procedures of Canadian law under the Mutual Legal Assistance In Criminal Matters Act”,
Chapter M – 13.6 (RS 1985, c. 30 (4th supp.)) 1988, c. 37, assented to 28 July.

It is significant to note that on 21.08.1996 the Interpol Section of the R.C.M.P. writes the
Republic of Bulgaria to “…take corrective action to assure the proper authorities that Mr.
Kapoustin was not involved in any such activity to our knowledge in Canada.”, but only two
days later on 23.08.1996, the Crown sends the following faxed message to Bulgarian police and
prosecutors requesting that “…this be passed to Mr. GUEORGIEV [proper spelling - Georgiev -
this is the police official having issued the international arrest warrants for KAPOUSTIN ] and
ask that he [Georgiev] in turn pass any comments he may have on to me directly. I am still very

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much interested in any indication he has that any of Kapoustin gains [transfers] from the
fraud in Bulgaria ended up in Canada [the accounts of Mr. Ivon Shearing]”.

The July 7th 1995 “INFORMATION” is therefore an unlawful Canadian criminal indictment of
KAPOUSTIN issued and sworn to be true by a servant of the Crown before the police and
prosecution agencies of a foreign state, the Government of the Republic of Bulgaria. However,
the July 7th 1995 Crown INFORMATION is taken at face value by the Republic of Bulgaria
despite it being false and misleading in every respect.

It is also significant that in a May 25th 1997 DFAIT CASE NOTE prepared by a Mr. Adcock,
he writes that “the Embassy understands that the original arrest warrant dates back to July
1995” could that be July 7th 1995 ?

From July of 1995 until August 2002 KAPOUSTIN remained criminally charged for the same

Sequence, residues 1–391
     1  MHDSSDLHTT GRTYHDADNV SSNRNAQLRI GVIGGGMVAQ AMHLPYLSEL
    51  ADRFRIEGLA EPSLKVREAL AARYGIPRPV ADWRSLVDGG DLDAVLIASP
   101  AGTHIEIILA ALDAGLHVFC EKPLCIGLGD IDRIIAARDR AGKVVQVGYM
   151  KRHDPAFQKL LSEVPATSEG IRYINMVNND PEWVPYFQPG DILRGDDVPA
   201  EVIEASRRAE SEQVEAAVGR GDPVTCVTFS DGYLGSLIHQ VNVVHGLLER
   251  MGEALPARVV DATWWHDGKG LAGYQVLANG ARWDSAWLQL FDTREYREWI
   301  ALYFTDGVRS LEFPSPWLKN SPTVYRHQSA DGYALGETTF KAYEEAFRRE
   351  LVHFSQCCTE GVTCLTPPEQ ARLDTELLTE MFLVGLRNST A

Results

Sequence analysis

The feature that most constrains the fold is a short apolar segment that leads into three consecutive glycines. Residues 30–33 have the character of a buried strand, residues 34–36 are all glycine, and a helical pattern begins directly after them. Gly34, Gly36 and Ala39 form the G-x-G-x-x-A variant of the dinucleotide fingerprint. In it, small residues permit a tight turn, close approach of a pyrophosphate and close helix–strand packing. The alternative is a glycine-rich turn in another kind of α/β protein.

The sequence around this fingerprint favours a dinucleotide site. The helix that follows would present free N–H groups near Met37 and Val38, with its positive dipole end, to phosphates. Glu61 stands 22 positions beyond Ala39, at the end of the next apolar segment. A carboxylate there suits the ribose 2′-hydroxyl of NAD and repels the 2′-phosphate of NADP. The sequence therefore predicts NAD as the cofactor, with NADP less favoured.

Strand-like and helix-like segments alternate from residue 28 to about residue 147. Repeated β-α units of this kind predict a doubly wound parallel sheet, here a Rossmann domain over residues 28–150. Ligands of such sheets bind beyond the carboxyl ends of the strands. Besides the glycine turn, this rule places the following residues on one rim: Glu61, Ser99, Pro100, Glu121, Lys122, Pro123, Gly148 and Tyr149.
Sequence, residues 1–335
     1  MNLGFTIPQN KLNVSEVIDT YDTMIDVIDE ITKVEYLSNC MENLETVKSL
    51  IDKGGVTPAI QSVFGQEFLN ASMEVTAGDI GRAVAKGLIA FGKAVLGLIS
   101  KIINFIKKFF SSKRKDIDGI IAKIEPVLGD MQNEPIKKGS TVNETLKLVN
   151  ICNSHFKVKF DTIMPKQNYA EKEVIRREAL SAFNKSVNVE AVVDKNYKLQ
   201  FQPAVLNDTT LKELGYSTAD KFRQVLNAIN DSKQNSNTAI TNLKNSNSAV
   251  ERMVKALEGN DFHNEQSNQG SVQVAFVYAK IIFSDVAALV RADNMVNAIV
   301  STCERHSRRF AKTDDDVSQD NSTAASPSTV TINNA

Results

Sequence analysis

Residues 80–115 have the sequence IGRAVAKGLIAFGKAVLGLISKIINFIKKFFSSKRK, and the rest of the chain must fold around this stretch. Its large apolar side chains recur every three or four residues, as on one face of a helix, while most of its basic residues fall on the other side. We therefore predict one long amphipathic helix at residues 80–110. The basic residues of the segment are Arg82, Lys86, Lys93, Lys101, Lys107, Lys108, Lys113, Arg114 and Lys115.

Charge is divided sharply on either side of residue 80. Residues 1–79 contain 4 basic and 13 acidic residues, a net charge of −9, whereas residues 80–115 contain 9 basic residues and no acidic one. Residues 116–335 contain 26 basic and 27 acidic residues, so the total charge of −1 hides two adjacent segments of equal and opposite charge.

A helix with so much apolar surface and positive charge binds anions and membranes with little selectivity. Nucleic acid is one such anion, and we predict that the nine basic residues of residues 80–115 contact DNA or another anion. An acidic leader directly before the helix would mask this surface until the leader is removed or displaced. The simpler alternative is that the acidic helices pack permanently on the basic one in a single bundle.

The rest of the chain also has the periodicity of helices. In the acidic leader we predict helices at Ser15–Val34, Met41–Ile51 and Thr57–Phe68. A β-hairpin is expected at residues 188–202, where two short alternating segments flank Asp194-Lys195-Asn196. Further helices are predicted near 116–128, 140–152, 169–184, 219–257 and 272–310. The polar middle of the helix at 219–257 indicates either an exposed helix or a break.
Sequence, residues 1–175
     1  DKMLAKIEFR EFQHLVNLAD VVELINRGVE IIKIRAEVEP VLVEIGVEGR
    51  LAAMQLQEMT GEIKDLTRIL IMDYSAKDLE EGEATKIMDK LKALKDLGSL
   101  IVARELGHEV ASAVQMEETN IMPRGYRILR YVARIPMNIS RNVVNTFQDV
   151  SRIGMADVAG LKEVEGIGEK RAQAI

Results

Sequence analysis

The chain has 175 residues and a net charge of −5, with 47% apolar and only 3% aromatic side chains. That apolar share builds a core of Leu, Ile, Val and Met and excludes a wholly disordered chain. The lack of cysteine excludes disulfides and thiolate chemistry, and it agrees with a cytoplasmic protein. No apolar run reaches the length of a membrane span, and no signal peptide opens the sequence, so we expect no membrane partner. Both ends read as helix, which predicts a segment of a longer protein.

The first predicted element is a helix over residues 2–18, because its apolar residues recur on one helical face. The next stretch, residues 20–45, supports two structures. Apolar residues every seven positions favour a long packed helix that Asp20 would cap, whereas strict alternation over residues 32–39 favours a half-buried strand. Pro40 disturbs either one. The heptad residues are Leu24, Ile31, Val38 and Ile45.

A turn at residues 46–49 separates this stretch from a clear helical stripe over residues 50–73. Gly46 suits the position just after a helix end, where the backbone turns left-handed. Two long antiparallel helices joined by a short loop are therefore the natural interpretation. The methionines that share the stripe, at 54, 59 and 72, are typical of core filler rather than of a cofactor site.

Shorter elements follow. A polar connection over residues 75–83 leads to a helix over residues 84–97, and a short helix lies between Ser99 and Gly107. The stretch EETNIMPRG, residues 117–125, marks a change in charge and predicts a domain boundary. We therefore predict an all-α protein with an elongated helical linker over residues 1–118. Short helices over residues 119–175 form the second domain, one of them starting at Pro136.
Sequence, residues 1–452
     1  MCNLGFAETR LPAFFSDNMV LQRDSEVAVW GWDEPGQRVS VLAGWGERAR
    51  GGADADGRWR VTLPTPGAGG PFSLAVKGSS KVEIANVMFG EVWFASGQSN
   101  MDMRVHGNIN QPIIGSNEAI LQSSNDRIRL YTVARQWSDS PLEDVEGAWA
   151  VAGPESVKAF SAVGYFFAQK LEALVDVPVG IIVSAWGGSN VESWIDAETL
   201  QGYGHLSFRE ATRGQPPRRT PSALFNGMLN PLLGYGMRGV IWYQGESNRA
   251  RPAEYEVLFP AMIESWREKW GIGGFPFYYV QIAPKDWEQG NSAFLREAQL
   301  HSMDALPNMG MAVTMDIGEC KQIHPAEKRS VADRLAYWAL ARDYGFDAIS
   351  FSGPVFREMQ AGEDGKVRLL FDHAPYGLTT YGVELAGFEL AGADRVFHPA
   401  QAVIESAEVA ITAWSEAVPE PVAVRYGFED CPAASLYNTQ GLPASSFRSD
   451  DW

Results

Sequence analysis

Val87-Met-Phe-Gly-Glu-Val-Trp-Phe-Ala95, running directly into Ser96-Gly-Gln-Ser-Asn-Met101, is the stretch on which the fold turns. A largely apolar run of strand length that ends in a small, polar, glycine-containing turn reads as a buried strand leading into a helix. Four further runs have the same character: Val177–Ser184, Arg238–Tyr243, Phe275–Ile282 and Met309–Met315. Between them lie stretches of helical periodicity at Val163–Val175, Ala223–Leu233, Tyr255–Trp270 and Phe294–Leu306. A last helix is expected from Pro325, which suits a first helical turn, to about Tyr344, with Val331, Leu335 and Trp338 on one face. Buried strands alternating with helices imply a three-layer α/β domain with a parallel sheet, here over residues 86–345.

fraud and the misappropriation of public funds as alleged in the Crown indictment of July 7th
1995.

In August 2002, KAPOUSTIN and indirectly his company LIFECHOICE were acquitted a
Bulgarian Court of Appeal of fraud and the criminal misappropriation of public funds. The
Court of Appeal instead introduced a new indictment charging KAPOUSTIN with
embezzlement for having transferred his company’s funds out of Bulgaria, notwithstanding that
the lawful patrimony of the transferred funds belonged to the private company of
KAPOUSTIN, LIFECHOICE and that the transfers are made in the ordinary course of its
lawful business and with the full knowledge and consent of its Board of Directors and
shareholders of which there are two, KAPOUSTIN controlling 100% of the all issued common
shares.

The Crown has ruthlessly pursued its own agenda without regard for the laws of Canada or the
natural rights of KAPOUSTIN and the members of his family as citizens of Canada. These
rights, protection and obligation of the Crown are enshrined in the principles of the Charter.

Each act of DOORNBOS inter alia swearing out evidence against a citizen of Canada before a
foreign criminal court; collecting police data and facts in Canada and delivering it to a foreign
state; providing manufactured falsehoods as if fact or unverified facts as if police conclusions to
mislead a foreign state; allowing media reproduction of his slanderous remarks and libellous
correspondences to be attributed to the Crown; swearing out a criminal indictment and
information requesting a citizen of Canada be arrested and prosecuted in a foreign state on
behalf of the Crown and permitting the continued use of an unlawful detention and torture of a
citizen of Canada to secure information for the Crown are jointly and severally serious breaches

19178560.doc Page 13 of 160


of Canadian law and Canada’s Charter and other rights of KAPOUSTIN. The actions of
DOORNBOS are therefore unlawful.

Much of the acts and transactions of DOORNBOS are in scienter with police and prosecution
officials of the Republic of Bulgarian. The objective of DOORNBOS and Bulgarian police and